Monday, May 29, 2006

17 days, 3 time zones

This might make it appear as though gas prices don't affect my travel plans. I didn't let them affect my plans to be at my World War II veteran grandpa's 88th birthday party in Wisconsin on June 10th. Three days after his June 12th birthday, my grandma will be 32,000 days young! That's the vacation part. The rest of the trip is part vacation, part business.

May 31: Traveling: Alexandria, VA to Chicago, IL

June 1: Staying: in Chicago, IL

June 2: Traveling: Chicago, IL to Minneapolis, MN to Fergus Falls, MN
June 3: Traveling: Fergus Falls, MN to Great Falls, MT [wireless service unlikely]

June 4-7: Staying: in Great Falls, MT [wireless service unlikely]

June 8: Traveling: Great Falls, MT to Fergus Falls, MN [wireless service unlikely]
June 9: Traveling: Fergus Falls, MN to Minneapolis, MN to Elcho, WI [wireless service likely in a.m.]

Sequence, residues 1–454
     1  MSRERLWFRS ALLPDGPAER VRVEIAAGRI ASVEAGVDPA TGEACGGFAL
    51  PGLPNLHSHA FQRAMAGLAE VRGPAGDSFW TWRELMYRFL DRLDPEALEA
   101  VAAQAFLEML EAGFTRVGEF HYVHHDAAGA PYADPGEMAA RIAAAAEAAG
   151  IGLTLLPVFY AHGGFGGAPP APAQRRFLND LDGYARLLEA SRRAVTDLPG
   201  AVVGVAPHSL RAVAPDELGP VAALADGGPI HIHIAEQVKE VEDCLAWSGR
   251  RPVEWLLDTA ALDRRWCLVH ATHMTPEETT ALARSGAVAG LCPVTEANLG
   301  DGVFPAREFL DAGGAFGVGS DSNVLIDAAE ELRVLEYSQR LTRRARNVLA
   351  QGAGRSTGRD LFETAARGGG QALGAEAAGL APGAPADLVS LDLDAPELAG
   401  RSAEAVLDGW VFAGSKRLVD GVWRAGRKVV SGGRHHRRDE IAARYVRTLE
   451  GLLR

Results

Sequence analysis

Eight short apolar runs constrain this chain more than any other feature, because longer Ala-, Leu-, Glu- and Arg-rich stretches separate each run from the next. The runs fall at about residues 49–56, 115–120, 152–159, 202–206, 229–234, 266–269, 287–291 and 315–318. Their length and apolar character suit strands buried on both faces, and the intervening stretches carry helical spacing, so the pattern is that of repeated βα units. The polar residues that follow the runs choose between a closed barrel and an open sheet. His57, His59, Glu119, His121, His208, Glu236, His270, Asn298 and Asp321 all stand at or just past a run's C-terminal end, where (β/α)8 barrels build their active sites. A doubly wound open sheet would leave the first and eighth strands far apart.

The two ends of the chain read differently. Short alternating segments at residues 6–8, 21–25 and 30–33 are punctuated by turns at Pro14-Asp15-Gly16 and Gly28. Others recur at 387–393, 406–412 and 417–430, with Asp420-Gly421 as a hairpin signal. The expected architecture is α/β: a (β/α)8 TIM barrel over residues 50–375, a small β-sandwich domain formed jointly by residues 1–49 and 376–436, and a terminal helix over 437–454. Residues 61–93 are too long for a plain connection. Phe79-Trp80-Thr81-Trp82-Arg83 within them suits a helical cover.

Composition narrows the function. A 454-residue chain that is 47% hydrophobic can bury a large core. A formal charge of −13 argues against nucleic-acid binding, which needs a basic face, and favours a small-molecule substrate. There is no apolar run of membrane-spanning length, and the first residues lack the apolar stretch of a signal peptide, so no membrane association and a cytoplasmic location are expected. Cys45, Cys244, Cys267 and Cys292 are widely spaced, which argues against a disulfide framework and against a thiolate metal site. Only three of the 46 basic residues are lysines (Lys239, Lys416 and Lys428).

June 10-13: Staying: in Elcho, WI [wireless service unlikely]

June 14: Traveling: Elcho, WI to Chicago, IL [wireless service likely in p.m.]

June 15: Staying: in Chicago, IL

June 16: Traveling: Chicago, IL to Alexandria, VA

So, if you see some strange picture, text and audio posts here for the next few weeks, that's why!

Tim
10,585 days

Saturday, May 27, 2006

Praying for the President

"President George W. Bush, beset by public doubts about his leadership, has opted for a more humble tone in discussing the Iraq war, including admitting mistakes, as a way to rebuild his credibility, analysts said on Friday.

"Bush's shift in attitude during a Thursday news conference with British Prime Minister Tony Blair was an indication he understands the depth of public discontent with the war and the criticism that he is too stubborn to adjust his policies, they said." ...

Life Maintenance Suggestions

From Mark Driscoll:
  • Fill your plate
  • Exercise
  • Do not allow technology to be your Lord
  • Sabbath
  • Pick a release valve
  • Work on your life, not just in it
  • Leave margin
  • Spend most of your time training leaders
  • Work from conviction, not guilt

Driving: the new 'down time'

"Results from the second annual GMAC Insurance National Drivers Test suggest that licensed Americans lack basic driving knowledge and exhibit alarming behaviors on the road."